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Saturday, August 22, 2009

Corn Ethanol--Big Power and Big Savings!

Jo Borras posted what is essentially an infomercial in sheep's clothing over on gas2.0 biofuels, oil, a revolution, about a company that soups up cars to get more horsepower. It's just another pro-corn ethanol blog article but it's also an example of what is becoming more and more obvious. People can be amazingly impervious to evidence, not that Obama was actually born in the United States or that global warming is real. I parse out his post below.

We’ve covered the numerous benefits of ethanol-based fuels over and over on this blog,…

I'm hard pressed to find anything that does not have some kind of benefit. Corn ethanol is like deciding to never wear clothes. The negatives overwhelm the benefits (whatever they might be).

If you’ve spoken to this bunch [ignorant, shallow-minded, self-absorbed, NASCAR enthusiasts?], you already [know] that most talk of climate change and Peak Oil concerns fall on deaf ears. What matters is power, everything else is irrelevant.

The irony in the above statement is that corn ethanol is worse than gasoline in almost every respect so it's actually a good thing that these gear heads have been ignoring Jo.

Of course, it’s easier to simply ignore this group, but the (sad?) truth …this group, more than any other, is a group that must be reached for the “green car” movement to really take hold.

Actually, it would probably be best if we did ignore this group. Very few people buy cars based on their drag racing potential. And the sad truth is that a car burning corn ethanol is anything but "green" making this whole article a reality twisting exercise.

In a nutshell, this hot rod shop has, like every other company in the world, jumped on the green wash bandwagon to hawk their products. Their gimmick is to tune turbo-charged car engines to take advantage of the higher octane rating of corn ethanol. This isn't anything new. This isn't rocket science. A higher octane rating simply means that the fuel can be compressed harder before it explodes. By monkeying around with the engine timing and turbocharger boost pressure, you can increase a car's power output by staving off the ignition spark until later in the compression cycle, allowing more fuel and air to get jammed in above the cylinder. Big whoop. But now try to put regular gas into this tuned engine and watch what happens. The fuel will pre-ignite (knock) to beat hell.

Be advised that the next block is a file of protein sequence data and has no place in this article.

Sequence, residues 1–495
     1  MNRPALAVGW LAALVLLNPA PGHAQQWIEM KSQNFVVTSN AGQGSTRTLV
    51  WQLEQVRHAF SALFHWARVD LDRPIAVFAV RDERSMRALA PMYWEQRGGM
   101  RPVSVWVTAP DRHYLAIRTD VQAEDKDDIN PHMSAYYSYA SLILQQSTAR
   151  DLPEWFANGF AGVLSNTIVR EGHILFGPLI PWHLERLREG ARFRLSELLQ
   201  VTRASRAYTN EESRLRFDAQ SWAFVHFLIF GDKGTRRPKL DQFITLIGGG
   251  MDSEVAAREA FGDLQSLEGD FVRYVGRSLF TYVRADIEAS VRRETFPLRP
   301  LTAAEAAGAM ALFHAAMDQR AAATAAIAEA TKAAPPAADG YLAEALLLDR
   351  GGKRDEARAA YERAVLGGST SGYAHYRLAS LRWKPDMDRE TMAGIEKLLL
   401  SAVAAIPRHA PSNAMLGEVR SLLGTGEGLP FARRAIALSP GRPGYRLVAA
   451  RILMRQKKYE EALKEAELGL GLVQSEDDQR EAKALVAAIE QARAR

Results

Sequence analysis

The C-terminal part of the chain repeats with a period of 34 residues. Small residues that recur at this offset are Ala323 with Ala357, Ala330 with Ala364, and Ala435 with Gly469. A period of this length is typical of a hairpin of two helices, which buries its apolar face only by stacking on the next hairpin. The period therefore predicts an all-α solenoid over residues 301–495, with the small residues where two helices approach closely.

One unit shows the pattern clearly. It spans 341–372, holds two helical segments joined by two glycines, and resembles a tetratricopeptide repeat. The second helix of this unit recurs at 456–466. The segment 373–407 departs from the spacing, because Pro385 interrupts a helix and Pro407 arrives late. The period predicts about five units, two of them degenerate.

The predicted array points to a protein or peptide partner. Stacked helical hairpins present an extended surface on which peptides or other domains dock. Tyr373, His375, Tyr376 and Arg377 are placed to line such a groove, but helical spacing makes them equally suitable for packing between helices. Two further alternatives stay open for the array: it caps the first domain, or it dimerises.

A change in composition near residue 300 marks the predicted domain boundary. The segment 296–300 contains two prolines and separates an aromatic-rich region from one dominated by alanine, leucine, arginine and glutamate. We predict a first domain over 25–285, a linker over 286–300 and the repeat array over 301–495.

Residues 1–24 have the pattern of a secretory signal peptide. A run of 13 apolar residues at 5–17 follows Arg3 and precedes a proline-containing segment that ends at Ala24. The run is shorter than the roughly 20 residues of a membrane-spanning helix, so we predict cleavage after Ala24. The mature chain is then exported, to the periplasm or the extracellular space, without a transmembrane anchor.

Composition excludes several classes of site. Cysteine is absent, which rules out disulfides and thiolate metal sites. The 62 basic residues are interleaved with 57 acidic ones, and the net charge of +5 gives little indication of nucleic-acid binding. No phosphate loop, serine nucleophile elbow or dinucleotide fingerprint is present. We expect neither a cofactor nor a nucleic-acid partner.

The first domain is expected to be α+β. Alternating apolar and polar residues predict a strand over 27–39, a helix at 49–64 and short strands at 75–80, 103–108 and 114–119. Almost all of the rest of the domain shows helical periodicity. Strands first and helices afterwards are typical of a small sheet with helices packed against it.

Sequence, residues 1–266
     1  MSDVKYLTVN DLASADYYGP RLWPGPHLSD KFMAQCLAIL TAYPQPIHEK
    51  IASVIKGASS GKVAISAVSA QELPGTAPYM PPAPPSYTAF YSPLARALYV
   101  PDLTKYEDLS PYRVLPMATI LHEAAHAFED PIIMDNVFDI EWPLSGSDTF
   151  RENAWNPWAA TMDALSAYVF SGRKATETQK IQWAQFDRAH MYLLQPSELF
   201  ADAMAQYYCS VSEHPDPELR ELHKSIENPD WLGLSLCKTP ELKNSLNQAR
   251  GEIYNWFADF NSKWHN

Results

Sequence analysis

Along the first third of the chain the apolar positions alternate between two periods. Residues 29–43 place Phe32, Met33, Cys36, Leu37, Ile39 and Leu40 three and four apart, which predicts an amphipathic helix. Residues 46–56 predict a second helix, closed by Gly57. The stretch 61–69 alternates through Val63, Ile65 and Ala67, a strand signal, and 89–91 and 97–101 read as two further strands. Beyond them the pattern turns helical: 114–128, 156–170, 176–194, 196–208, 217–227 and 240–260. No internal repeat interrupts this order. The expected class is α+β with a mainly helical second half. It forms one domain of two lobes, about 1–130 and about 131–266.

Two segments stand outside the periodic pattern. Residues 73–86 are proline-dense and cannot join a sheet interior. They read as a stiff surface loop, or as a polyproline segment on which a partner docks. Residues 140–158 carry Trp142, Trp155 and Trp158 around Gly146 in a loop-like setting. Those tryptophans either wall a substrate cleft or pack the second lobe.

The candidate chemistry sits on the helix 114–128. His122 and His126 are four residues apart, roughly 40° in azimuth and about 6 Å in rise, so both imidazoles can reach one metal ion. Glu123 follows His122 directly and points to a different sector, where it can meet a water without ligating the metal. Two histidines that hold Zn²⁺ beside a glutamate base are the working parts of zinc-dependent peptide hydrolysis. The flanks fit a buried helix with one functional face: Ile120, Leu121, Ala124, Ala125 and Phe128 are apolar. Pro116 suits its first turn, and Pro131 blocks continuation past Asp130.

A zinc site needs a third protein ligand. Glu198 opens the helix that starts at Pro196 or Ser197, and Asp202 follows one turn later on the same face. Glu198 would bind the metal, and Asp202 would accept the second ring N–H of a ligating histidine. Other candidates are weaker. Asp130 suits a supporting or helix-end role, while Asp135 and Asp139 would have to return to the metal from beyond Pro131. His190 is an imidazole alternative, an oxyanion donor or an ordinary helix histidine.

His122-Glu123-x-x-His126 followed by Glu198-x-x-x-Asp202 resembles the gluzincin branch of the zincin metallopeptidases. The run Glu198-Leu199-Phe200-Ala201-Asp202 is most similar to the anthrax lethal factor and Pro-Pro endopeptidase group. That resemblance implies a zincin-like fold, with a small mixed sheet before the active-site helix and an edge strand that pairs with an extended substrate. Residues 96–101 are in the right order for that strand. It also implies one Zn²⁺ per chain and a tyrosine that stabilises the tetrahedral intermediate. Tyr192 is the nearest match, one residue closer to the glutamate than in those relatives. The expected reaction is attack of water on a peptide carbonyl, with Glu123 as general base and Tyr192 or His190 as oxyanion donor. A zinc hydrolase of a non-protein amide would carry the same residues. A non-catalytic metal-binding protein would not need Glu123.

Rich cites another benefit to the E85:

100 octane race gas costs about $7.99 a gallon here. Even 91 octane costs over $3.00, easily, while the E85 averages about $2.79. Over time, this is a huge savings…

Correct me if I'm wrong, but it seems to me that we can also safely ignore all of the people out there paying $7.99 a gallon for racing fuel when looking for alternative fuels and solutions to global warming. And look, he forgot to add 84 cents to the cost of that ethanol to account for the lower mileage and the 45 cent blending subsidy as well, making the real cost per gallon of the ethanol about $3.90 equivalent.

You won't get better mileage than gasoline with this tune up kit, but that fact is glossed over as well. You should get more miles out of your E85 however, not that these guys give a hoot about mileage.

Like it or not, the enthusiasts need to be reached for a universal change to happen (whether that change is to cleaner-burning bio-fuels, fuel cells, or full electric) and offering them more of what they want (power) in a more environmentally responsible package that doesn’t punish their pocketbooks is a great way to start

He made that all up. Enthusiasts are few and far between. They can safely be left out of the loop. They will compete with each other with whatever technology is handed to them, like these guys setting land speed records in a Prius and this guy with the 72 Datsun running A123 batteries (like the ones on my bike) thumping every high octane car that crosses its path. It's all relative, which is why there are so many classes of racing and types of fuel. Corn ethanol is not more environmentally responsible. This whole article is a fairy tale.

Down in the comments Jo praised some goofball a concerned commenter for parroting the standard Renewable Fuels Association talking points his unique insights on ethanol:

AWESOME stuff, Dan! Thanks for reading through and posting the thoughtful response - I’d love to read more!!

If you want to read what Dan said that Jo thought was so AWESOME go here

And if you want to see this AWESOME stuff debunked, go here, paying particular attention to myths 7, 12, and 13.

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